Chas Jones, Ph.D.

Water Resources

Colorado River river trip to assess hydropower potential

1923 Colorado River river trip to assess hydropower potential of Grand Canyon

This is an old film produced by the USGS (and linked from their website) that shows footage of 1923 Colorado River river trip to assess hydropower potential of Grand Canyon (1923).  This is a silent video produced in black and white that shows the excitement of the river trip and some of the trials and tribulations of these early adventurous public servants of the U.S. federal government.

Additional information can be found at this link to the USGS’s archival material.

Floods as a restoration tool in the Grand Canyon

Downstream flood propagation in the Colorado River

Flood as a restoration tool in the Grand Canyon

The U.S. Department of the Interior has periodically been releasing large volumes of water into the Grand Canyon in an attempt to mobilize sediment and rebuild beaches in a river system that has been sediment deprived since the installation of the Glen Canyon Dam in 1963. In November 2013, they planned for a high flow release (>34,000 cubic feet per second) into the Colorado River, which normally flows at 8-9,000 cfs. They maintained high flows for 4 days during a period that the Paria River was releasing large amounts of sediment into the Colorado River.  River managers hoped to entrain the high sediment load of the Paria using high flows in the Colorado River so that they would be carried downstream and deposited further down than they normally would be.  Flooding, flood routing, river restoration and Colorado River water resources are all subjects that I am very interested in being more involved with in my future research endeavors.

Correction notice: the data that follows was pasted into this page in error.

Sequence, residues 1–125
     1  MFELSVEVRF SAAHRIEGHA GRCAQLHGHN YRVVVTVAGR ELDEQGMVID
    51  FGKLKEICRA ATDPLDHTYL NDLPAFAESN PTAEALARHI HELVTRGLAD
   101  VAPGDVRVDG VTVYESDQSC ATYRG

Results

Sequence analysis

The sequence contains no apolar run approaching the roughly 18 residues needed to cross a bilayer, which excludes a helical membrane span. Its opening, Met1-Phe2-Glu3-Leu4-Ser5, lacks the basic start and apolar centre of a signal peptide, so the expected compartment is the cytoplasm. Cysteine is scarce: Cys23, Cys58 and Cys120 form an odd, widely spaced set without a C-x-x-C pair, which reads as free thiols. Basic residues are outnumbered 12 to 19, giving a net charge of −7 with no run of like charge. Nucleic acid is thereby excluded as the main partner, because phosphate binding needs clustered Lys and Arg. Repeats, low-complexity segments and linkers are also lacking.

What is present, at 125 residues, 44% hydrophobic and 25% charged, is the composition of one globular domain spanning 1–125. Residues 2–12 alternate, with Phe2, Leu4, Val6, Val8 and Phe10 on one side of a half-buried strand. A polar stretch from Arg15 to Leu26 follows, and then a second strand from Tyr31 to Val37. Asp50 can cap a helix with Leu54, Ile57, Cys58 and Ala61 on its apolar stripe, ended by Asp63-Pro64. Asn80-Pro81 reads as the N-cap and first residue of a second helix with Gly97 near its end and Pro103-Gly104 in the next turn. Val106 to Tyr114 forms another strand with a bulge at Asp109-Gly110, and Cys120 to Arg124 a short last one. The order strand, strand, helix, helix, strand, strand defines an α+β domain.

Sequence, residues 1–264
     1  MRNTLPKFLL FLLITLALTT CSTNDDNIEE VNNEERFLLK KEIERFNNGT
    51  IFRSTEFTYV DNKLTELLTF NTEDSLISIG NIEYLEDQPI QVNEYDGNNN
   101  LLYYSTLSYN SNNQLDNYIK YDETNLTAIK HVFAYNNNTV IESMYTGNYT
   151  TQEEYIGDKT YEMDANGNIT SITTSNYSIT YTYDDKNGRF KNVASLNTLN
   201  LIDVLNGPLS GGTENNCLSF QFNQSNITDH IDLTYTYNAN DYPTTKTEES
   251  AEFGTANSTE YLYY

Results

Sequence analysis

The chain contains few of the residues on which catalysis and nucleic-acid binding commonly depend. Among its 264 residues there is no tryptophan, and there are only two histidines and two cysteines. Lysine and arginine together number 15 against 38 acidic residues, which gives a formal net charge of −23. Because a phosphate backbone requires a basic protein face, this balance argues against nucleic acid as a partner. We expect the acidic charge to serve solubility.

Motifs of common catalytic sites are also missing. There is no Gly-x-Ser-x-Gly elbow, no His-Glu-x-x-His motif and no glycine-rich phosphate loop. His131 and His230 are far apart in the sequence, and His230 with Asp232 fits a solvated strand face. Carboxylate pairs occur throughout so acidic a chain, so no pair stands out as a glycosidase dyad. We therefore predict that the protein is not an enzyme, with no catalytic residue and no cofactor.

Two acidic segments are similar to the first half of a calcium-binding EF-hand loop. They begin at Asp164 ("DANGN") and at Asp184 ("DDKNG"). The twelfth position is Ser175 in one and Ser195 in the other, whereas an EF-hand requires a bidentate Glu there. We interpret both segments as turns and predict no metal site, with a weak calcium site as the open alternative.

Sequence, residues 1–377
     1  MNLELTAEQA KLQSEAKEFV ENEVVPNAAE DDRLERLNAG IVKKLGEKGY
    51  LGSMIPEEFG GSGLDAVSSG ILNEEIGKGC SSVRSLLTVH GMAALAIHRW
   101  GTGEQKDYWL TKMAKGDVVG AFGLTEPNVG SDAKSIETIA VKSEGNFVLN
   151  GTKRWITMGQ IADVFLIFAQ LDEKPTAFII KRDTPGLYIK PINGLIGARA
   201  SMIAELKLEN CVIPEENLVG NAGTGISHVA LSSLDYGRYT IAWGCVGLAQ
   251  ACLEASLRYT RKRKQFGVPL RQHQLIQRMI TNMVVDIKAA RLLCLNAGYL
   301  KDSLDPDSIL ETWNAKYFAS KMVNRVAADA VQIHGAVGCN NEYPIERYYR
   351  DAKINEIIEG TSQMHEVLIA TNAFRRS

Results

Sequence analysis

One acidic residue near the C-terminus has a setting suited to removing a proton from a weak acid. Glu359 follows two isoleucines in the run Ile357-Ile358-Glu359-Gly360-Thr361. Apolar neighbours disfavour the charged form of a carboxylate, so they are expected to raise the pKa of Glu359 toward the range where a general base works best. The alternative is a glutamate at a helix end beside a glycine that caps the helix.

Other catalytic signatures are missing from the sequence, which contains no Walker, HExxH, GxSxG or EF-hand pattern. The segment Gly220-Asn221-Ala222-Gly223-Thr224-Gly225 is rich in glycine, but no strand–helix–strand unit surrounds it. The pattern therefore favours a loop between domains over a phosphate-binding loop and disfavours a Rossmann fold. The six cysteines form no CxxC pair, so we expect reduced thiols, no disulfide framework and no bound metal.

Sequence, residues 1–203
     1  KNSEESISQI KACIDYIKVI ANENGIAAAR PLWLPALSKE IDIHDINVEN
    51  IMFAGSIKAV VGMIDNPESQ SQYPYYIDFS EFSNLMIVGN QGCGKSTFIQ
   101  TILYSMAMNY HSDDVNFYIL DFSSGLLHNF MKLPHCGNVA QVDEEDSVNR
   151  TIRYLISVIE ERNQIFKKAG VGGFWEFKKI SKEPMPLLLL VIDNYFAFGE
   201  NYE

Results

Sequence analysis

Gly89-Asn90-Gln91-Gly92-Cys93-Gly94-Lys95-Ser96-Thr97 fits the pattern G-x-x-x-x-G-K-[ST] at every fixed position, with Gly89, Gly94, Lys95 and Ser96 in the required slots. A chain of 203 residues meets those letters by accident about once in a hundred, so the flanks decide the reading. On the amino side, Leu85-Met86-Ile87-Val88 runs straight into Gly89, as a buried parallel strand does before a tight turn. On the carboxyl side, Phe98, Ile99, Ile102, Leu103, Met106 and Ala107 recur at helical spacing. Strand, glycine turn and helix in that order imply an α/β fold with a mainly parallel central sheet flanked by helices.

Read more at this link.

Rising temperatures threaten Salt Lake City’s water supply

 

Salt Lake City relies on water from several watersheds including four creeks on the western side of the Wasatch Mountains and water that’s pulled in from the more distant eastern side of the mountains. A new study shows how climate change is likely to affect the various creeks and streams that help slake Salt Lake City’s thirst. (Map credit: CIRES)

Rising temperatures threaten Salt Lake City’s water supply

This article from researchers at NCAR (National Center for Atmospheric Research) and CIRES (Cooperative Institute for Research in Environmental Sciences)  appears to be an interesting report linking Salt Lake City’s water supply to changing temperatures and precipitation.  I will spend some time reviewing the report in the next week or so, but until I do, check out a summary of the report here.

Quantifying Colorado River water deliveries

20131110 Coroado River Water profile

Quantifying Colorado River water deliveries

I really enjoy innovative graphics that convey quantitative data in simple understandable ways. Here’s a great example of a graphic that shows how much Colorado River Water has flowed into and out of various parts of the Colorado River basin and the States and communities that rely upon it for their water. This map shows how no Colorado River water makes it into Mexico anymore.  It also shows how much water into California and Arizona.  Very interesting.  More info can be found at this link.